We watched the final episode of the BBC’s Wallander entitled “The Troubled Man” based on the book of the same name by Swedish author Henning Mankell this past Sunday (10/16/16) evening, and it was a calm and thoughtful end to a great series.
This final fourth series ended with Kurt Wallander more at peace then we’ve seen him up to this point. Instead of drinking himself to self-destruction, the detective is exercising and spending more time with his daughter and granddaughter.
While I usually like a show to keep going if the quality is there, Wallander reminded me that keeping things at a certain clip (four series is this case) means that the main characters are made to grow – you don’t have years and years for them to stay the same and only make a change at the very end.
a cold cup of Sweden
(Sidenote – I believe roughly half of the script was Kenneth Branagh frantically looking about and saying, “Hakan?”)
I also appreciated that Kurt survived to make that growth, to see his memory slipping and accept what’s happening instead of going down in a tragic/heroic gunshot. The rifle he slung across his back gave me pause on that, but all turned out well-ish.
His father showing up at the end was a nice touch as well.
On a show that paired a bleak landscape with even bleaker human nature, to have Wallander find a measured peace was fresher than the wind blowing off the nearest fjord.
How come, no matter how long since you’ve seen the family, nor how much distance you’ve put between you, they can always push your buttons? Answer: because they installed them
I enjoy Jack Taylor (Series 1) for lines like the one above – introspective PI’s go a long way with me.
The series started off with a literal Continue reading →
BBC America’s drama The Game takes the most comforting aspect of the Cold War – knowing exactly who your enemy is – and shoots it in the back of the head.
With silencer equipped.
You spend most of the Continue reading →
Curtain: Poirot’s Last Case closes out the twenty-four year (1989-2013) history of the television drama Agatha Christie’s Poirot, and I felt that things weren’t quite right.
“Dear Ms. Christi, I feel my final treatment has been rather severe…”
Without going into the plot I will say that I’ve heard Ms. Christie grew tired of the Belgian detective as time went on, and if so than this last case shows it.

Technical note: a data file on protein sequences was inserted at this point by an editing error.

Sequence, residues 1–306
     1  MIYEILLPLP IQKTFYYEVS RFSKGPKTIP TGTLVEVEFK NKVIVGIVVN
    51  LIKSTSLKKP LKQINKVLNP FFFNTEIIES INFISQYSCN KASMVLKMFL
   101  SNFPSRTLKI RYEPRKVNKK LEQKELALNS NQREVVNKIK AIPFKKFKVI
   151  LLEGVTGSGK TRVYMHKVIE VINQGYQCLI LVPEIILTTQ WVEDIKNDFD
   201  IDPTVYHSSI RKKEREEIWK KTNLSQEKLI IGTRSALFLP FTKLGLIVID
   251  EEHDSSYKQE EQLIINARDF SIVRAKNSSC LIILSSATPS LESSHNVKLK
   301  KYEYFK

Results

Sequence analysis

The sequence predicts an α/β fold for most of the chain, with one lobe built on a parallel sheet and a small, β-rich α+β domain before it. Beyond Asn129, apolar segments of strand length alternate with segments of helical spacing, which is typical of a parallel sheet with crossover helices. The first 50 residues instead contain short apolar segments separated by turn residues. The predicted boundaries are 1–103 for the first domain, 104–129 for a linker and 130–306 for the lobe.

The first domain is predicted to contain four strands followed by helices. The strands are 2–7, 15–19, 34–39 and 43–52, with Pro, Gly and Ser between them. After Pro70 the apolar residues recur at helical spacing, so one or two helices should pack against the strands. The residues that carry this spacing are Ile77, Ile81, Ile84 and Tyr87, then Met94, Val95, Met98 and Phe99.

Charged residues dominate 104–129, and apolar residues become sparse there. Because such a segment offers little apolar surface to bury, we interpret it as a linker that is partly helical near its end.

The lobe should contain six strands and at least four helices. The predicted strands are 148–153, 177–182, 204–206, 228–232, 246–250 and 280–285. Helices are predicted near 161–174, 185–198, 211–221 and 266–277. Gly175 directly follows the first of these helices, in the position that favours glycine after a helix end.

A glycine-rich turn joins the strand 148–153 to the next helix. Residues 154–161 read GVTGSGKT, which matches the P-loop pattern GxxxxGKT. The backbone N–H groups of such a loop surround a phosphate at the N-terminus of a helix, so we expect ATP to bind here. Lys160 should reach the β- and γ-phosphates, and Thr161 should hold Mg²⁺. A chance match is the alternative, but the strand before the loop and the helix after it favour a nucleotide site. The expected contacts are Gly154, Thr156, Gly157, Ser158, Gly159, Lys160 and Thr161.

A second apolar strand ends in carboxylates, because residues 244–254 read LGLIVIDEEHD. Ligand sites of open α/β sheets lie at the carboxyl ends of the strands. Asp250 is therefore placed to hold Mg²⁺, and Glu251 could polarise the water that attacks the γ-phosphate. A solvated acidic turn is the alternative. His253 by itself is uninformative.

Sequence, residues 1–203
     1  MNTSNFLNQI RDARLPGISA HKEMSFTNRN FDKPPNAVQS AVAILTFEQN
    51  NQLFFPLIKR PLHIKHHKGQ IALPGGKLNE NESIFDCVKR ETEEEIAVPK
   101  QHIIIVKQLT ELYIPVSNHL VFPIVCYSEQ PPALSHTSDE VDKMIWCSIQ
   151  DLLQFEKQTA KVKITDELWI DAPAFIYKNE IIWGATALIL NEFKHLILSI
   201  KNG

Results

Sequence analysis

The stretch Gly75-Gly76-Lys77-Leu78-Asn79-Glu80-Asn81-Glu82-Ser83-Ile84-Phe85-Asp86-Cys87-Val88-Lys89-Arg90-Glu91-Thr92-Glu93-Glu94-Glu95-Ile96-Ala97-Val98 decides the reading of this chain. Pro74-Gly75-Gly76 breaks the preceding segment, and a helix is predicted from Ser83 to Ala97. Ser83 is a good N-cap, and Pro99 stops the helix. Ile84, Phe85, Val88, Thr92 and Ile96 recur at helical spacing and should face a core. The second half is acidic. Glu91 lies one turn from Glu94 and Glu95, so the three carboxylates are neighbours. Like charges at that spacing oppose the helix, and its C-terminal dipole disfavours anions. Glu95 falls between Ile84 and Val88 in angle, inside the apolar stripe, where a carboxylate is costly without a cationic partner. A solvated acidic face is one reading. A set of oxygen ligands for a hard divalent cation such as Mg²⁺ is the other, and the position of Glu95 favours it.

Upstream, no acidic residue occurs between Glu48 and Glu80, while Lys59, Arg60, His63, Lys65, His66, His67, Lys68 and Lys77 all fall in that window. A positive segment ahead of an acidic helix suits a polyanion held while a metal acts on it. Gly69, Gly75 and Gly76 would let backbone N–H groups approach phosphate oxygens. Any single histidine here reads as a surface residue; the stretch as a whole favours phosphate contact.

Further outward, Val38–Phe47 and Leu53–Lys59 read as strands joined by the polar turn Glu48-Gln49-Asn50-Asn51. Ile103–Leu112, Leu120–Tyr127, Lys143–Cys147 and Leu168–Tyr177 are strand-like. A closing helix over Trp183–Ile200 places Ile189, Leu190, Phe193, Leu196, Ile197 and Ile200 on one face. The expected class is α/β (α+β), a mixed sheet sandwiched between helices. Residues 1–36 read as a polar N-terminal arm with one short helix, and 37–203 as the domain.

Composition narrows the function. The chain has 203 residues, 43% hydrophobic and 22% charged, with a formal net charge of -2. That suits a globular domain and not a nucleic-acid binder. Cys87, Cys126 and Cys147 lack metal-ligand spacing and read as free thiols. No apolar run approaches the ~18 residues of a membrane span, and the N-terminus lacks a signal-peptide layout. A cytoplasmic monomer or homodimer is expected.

I don’t feel the character was done justice, but perhaps I just don’t know him well enough.
Whatever my feelings on the last chapter in the famous sleuth’s career, it’s been nothing less than an incredibly impressive run for the show and I will miss looking forward to new cases.
Adieu mon ami.
No purpose for this post other than to sing the praises of Castle, now in its seventh season.
I grew up watching a lot of different detective shows, but I remember my impressionable brain being particularly taken with the idea of the “couple detectives” – stopping the bad guys while working with/finding the love of your life. What could be better?
Shows like Hart to Hart and Moonlighting paved the way for me to enjoy Castle, and enjoy it I do.
Great writing and cast, and to prove that I point to the show’s lead’s relationship – we knew they would end up together, yet it was still fun to watch and continues to be so.
It’s not easy to make that happen, so I’m obliged to point it out. Castle’s characters continue to be strong even seven years in and it’s something to feel good about.
If you haven’t seen this show, I highly recommend it!
We semi-recently finished the latest offering of 24, subtitled “Live Another Day” and Bauer and crew were up to their old tricks.
Jack is back … again
“Old tricks” in this case meaning stopping an evil plot, usually within another more evil plot, while waiting for half the team to betray the other half.
It’s a recipe for drama and I’ve enjoyed the series over the years – not only for the action, but for the question the show constantly throws in your face: “what would you do in this impossible circumstance?”
“Live Another Day” had a strong emphasis on family, no matter which plot thread we were following. Both President Heller and Margot Al-Harazi relied on their families and while each had a different dynamic (to say the least), it was clear family was a huge part of why they did what they did.
This theme was also present for Mr. Bauer as his attachment to Chloe O’Brian – while technically friendship – is as close as family, and their relationship (and the importance of it) came through.
It seems like this may have been the last season for the show, but we’ve heard that before.
24: Live an Additional Day? I could see it happening.
Yep – Pride & Prejudiced on blu-ray, in all its HD glory.
Watched the sixth season earlier this year – and I think even beyond if I remember correctly.
This series (to my mind) is still going strong and I hope it stays that way 🙂
This (season 4) was the weakest of The Clone Wars so far, so it was disappointing that way.
The heavy emphasis on the creepy occultist Night Sisters, the bouncing around of Asajj Ventress (how many times can she find her new purpose for life?), the muddled return of Maul (so … what happened again?) and the just plain dumb Father/Sister/Brother side quest added up to – well, not much.
I’ve heard season 5 is better, so that will be a welcome change.
We finished series 3 of Wallander earlier this year, and it has me questioning the main character.
How he pushes people away, and the result of that – the self-inflicted state he’s in – it leaves me thinking: how do I view this character? Is he someone to be admired because of what he does? Is that what makes him good at his job? Is it worth it?
Good stuff to chew on, and I just want our boy to be happy 🙂